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Friday | October 19, 2018
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Light Of Altair (PC)

Light Of Altair (PC)


Light Of Altair is a game made by two people with a budget price tag of $15. We love independent titles on Gamingheaven because quite often they don’t suffer from restrictive publisher control and are free to explore radical ideas outside the confines of a big budget production. As SaintXi develop and publish the game is it able to offer something entertaining for the relatively modest asking price?

Light of Altair is a space exploration and economic simulation which urges gamers to travel into the solar system and nearby stars in the galaxy. The focus is on constructing colonies and amassing resources then building fleets of ships for war.

Many strategy games tend to love a primary goal of military attack and tactical progression but the developers of Light Of Altair want gamers to spend more time focusing on economics. All of the scenarios give you command of a small colony which you must build up to colonize more planetary systems while competing with rival factions.

Unfortunately the mechanic is not really that deep and after spending some time working out the simple patterns it is hard to imagine that long term game play for veteran strategy players would be viable. The biggest issue is really that the whole concept of the game doesn’t rely on trading between planets so you quite often don’t need to spend a lot of time working out your strategy for placements. There are some benefits with this however, in that many gamers new to the genre will find it an easy title to pick up and play.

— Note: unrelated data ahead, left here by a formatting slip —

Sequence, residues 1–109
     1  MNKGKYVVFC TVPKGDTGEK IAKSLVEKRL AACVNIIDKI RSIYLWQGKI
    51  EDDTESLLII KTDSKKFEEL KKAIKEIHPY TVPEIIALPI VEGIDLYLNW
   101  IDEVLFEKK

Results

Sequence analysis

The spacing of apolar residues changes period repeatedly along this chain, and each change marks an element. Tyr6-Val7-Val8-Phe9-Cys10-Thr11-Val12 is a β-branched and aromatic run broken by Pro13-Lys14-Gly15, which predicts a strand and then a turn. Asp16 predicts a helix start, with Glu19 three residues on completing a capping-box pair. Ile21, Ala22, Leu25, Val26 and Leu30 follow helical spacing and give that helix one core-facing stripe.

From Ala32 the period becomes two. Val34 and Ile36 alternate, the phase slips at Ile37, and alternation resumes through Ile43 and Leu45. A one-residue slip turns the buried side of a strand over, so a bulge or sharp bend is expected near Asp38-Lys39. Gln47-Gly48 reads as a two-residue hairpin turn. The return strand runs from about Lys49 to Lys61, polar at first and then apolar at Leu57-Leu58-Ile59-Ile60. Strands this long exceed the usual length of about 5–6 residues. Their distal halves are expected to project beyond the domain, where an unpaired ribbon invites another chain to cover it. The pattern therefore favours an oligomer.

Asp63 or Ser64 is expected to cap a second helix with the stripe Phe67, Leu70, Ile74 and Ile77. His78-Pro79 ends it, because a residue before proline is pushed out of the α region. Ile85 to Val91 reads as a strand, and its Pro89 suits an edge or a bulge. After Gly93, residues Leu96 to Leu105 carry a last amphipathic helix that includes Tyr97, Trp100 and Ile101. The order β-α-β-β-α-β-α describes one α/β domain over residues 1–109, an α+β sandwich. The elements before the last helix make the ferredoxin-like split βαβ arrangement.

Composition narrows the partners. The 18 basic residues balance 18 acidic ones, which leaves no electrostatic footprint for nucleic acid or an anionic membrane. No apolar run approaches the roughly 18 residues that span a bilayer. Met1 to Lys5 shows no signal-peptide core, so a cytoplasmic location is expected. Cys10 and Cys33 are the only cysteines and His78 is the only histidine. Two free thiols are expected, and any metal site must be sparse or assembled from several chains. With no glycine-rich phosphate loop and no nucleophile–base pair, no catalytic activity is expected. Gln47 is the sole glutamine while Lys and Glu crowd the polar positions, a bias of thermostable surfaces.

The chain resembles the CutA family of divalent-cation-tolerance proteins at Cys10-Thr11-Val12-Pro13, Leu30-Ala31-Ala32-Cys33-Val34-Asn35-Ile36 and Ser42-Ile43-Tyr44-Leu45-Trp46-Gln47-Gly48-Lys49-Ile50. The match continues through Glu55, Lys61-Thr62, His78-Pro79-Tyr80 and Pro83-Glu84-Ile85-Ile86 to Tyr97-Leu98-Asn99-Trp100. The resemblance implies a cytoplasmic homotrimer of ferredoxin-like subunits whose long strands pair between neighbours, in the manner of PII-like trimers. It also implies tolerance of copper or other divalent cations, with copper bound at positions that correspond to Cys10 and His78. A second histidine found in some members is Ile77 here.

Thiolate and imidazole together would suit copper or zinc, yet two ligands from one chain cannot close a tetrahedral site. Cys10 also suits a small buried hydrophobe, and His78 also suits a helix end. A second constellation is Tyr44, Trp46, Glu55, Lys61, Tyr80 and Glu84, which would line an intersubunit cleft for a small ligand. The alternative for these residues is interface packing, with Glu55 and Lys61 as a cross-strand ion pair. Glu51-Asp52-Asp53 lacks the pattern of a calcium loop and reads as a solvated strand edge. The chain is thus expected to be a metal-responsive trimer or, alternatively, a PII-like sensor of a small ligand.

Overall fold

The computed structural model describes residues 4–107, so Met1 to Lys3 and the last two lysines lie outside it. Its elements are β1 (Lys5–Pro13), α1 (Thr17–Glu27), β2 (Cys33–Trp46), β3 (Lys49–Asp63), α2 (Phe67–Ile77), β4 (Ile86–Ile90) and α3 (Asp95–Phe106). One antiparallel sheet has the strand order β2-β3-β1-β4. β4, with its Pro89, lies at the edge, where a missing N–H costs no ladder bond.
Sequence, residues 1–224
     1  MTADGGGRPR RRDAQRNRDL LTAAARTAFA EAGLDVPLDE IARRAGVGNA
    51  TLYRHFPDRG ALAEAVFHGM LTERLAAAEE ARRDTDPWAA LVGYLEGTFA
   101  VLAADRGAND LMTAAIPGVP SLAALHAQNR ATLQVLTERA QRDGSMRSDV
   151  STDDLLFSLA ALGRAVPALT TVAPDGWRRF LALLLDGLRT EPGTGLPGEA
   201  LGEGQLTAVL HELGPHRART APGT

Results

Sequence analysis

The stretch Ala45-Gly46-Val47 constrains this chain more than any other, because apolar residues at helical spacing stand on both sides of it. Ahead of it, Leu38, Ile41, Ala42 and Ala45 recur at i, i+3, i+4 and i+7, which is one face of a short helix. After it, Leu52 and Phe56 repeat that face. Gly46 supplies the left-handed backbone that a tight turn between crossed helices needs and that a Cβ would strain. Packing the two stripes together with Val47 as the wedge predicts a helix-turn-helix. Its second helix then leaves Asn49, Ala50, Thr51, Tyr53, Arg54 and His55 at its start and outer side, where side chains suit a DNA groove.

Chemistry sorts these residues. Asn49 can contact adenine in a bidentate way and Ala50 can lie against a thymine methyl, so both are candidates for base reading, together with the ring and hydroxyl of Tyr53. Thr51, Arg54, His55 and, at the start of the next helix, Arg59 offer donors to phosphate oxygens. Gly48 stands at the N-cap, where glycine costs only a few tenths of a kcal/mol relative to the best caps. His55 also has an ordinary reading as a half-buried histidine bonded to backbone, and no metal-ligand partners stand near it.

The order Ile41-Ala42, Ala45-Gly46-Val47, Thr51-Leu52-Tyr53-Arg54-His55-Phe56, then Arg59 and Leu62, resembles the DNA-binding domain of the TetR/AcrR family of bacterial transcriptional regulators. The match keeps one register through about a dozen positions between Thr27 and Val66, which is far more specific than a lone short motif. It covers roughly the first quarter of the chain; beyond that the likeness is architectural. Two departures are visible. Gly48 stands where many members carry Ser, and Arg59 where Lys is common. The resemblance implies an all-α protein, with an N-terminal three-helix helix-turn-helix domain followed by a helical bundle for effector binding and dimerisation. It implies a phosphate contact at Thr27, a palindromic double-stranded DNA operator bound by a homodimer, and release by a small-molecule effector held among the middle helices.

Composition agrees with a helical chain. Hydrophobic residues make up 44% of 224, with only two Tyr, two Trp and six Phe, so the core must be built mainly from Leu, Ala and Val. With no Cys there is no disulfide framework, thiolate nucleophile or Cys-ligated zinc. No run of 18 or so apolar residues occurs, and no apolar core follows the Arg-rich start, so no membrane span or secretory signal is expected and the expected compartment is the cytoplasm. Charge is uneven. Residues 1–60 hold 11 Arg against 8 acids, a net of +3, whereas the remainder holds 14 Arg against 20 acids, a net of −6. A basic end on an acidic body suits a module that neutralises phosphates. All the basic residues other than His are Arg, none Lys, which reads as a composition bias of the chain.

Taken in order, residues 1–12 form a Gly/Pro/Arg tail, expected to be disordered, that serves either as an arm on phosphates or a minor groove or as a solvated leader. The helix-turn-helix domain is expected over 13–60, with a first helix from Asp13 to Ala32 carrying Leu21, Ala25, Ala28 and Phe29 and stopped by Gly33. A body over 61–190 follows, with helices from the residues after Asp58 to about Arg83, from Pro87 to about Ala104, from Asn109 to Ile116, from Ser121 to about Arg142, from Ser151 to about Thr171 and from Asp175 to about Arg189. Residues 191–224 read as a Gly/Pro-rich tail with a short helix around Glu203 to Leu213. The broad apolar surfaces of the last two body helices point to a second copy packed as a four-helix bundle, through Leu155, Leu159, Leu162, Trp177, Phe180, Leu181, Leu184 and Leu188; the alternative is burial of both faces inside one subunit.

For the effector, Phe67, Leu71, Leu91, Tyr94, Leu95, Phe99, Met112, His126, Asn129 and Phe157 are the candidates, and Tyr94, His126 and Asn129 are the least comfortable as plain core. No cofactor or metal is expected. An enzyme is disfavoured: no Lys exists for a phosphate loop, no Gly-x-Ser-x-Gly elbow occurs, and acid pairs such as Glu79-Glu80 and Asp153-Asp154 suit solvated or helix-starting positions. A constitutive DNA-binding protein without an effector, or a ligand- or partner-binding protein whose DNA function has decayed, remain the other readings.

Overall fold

Another issue are the environmental settings – because most of the terrain can be built upon which means that it doesn’t really matter what planet you are trying to inhabit because the terrain doesn’t play any part in your colonisation strategy. All you really need to get a good foundation for a colony are a couple of farms and an energy plant. Once this is in place then by simply placing a few more farms and other buildings to satisfy your inhabitants desire for happiness it will continue to grow. Strangely enough the placement of these buildings doesn’t really matter either because nothing is connected together so you can plonk the various structures anywhere you want.

While this all sounds extremely negative on a strategy level, there are some considerations to take into account because once enemy units make their way into your territory then you need to expand and stop their plans to take over the planet by any means possible, which involves combat. Balancing the importance of combat and economy however isn’t wonderfully illustrated because the number of fleets you will have as well as your strategies with them are limited. Combat really means that two fleets will enter the same space and whichever has the highest numbers will win, most of the time. The lack of interaction here is sadly a major issue for me as I felt it would have been nice to have some control over the outcome of the battles. There is really no Artificial Intelligence either which is disappointing because even though you can watch the battles play out, it is pretty clear that the only strategy going on is in the code balancing of the highest numbers to get to the outcome. It is a frustrating element of the game because you will watch many of the cinematic battle sequences and wonder why all the ships are mindlessly heading to their death in certain directions instead of attempting a semi coherent strategy for success.